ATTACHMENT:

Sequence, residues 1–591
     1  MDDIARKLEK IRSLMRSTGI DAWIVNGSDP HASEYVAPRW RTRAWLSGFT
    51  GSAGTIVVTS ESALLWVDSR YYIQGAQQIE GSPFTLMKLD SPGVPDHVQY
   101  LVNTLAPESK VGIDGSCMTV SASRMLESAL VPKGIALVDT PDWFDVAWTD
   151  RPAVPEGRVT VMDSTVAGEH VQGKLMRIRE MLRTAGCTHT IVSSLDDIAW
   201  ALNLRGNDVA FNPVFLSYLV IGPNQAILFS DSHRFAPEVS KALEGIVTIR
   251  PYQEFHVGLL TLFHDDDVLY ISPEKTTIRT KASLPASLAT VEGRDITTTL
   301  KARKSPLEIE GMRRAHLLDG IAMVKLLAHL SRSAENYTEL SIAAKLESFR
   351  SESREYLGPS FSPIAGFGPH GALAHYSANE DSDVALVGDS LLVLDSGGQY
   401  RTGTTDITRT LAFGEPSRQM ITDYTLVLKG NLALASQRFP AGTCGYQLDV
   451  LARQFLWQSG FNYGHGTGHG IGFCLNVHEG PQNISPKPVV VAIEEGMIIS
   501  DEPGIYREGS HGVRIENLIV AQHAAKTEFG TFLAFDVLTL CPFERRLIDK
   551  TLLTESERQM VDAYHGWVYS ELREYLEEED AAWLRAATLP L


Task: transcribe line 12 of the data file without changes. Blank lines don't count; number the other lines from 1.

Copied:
   501  DEPGIYREGS HGVRIENLIV AQHAAKTEFG TFLAFDVLTL CPFERRLIDK